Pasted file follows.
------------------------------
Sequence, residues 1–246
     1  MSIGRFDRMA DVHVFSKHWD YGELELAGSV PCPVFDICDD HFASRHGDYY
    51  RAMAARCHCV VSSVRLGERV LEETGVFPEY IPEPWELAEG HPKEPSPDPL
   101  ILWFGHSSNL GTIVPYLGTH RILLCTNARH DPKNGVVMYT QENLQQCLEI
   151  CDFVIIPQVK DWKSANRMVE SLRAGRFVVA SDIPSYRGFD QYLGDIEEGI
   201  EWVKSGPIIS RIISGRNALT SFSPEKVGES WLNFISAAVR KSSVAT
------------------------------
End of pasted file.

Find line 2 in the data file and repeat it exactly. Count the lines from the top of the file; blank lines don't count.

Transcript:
     1  MSIGRFDRMA DVHVFSKHWD YGELELAGSV PCPVFDICDD HFASRHGDYY